- Liquitex Professional Acrylic Inks: Highly pigmented, artist-grade inks for tailored blends. May require thinning with glaze media or water for best results.
- Daler-Rowney FW Artists’ Ink: Fine art-grade inks suitable for custom shades. As above, may require thinning with other additives or media for best results on miniatures.
- P3 Formula Inks: Aimed at miniature painting, offering a solid range of colors.
For those looking for a larger volume of medium that you can “dip” your models into, or use liberally, I recommend taking a closer look at the Green Stuff World Dipping Ink line. These inks are formulated specifically for miniatures and there are a variety of colors to choose from as well, so you can get creative with your miniature painting schemes.
Top 3 Paints for SlapChop Painting Over Zenithal Primed/Highlighted Miniatures
If you’re looking for my choice of translucent paint and filters for speed painting over a zenithal undercoat, here they are:
1. Citadel Contrast Paint
Citadel Contrast Colors are designed to act as a base coat, wash, and highlighter all in one. They are especially good at bringing out the details of a miniature, saving time without compromising on quality. These paints have high flow and transparency, letting the zenithal priming underneath show through, which creates natural shadows and highlights.
The ease and speed of application make Citadel Contrast Paint an ideal choice for SlapChop miniature painting. The natural highlights and shades that emerge from the translucency of the paint saves you a lot of time, and offers a quick finished look with minimal effort.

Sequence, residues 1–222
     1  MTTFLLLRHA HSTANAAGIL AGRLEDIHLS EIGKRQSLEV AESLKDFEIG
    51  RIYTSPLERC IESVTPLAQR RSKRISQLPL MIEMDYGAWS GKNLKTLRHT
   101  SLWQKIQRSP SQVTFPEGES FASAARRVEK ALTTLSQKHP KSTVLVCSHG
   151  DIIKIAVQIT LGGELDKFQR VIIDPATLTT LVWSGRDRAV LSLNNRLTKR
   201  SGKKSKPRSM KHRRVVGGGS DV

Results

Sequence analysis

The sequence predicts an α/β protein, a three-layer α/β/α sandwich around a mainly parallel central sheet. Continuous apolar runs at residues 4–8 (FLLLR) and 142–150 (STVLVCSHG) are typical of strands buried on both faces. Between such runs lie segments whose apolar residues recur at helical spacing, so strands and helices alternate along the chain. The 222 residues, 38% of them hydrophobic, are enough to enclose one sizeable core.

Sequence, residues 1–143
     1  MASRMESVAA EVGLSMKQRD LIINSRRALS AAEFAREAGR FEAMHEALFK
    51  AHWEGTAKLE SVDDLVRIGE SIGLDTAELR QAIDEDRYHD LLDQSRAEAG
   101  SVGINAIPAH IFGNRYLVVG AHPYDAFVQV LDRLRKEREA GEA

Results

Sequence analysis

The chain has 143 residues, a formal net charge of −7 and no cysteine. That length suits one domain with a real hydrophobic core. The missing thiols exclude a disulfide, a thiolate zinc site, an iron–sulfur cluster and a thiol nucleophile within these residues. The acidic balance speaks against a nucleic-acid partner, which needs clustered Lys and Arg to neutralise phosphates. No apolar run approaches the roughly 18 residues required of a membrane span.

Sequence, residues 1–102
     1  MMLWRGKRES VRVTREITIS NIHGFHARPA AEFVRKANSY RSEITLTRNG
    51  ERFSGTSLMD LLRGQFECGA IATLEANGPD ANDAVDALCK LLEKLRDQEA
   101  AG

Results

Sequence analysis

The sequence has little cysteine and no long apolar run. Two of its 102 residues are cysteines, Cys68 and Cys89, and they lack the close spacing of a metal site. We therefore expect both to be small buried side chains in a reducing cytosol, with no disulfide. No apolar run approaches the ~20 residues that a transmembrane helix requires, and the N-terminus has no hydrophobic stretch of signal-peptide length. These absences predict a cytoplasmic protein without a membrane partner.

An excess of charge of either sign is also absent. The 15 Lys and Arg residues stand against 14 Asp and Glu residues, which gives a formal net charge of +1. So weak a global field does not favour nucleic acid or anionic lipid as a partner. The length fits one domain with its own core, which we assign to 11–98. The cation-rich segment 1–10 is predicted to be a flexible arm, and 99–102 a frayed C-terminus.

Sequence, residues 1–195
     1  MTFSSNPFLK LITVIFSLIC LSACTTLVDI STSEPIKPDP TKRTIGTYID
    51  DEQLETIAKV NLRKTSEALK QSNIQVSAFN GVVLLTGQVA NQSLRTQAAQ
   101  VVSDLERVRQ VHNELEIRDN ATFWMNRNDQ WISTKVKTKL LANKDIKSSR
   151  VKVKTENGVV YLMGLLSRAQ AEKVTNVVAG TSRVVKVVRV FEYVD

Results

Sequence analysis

2. The Army Painter Speedpaint
Army Painter Speed Paints are formulated to be fast and efficient, offering base coating and shading in a single application. Like Citadel Contrast, they’re designed to work well over zenithal highlights, but they tend to be slightly less saturated.
Army Painter Speed Paints are a solid choice for SlapChop methods due to their quick-drying nature and ease of use. While they might offer fewer color options, they are cost-effective and still produce a quality finish. Make sure you varnish your models after applying speedpaints, as they can rub off and may reactivate when wet.
3. Scale 75 Instant Colors
Scale 75 Instant Colors are marketed as a direct alternative to Citadel Contrast Colors, aiming to provide an quick solution for shading and highlighting. These paints offer a wide range of colors and are somewhat thicker in consistency, which can make them easier to control.
Scale75 Instant Colors are recommended for painters who are willing to climb a slight learning curve to achieve potentially superior results. Their thicker consistency allows for precise control, making them ideal for SlapChop painting methods where speed and efficiency are key, but so is the quality of the finish.
As a commission mini painter, efficiency is key to timely project completion, striking a balance between speed and quality.
The Slapchop Technique is a game-changer, integrating zenithal dry brushing as its cornerstone, setting up for translucent glazes and inks that animate models. It’s economical, suits hobbyists at any skill level, and drastically cuts down painting time.
Paint choices, like Citadel Contrast Colors, Army Painter Speed Paints, and Scale75 Instant Colors, vary but all shine with zenithal dry brushing.
Whether seasoned or new, the SlapChop method is great for those looking for speed without losing that high-quality touch.
I hope you found this article helpful! Are you looking for more efficient ways to get your projects done? We love feedback, so leave a comment and let us know what you think.
Happy mini painting!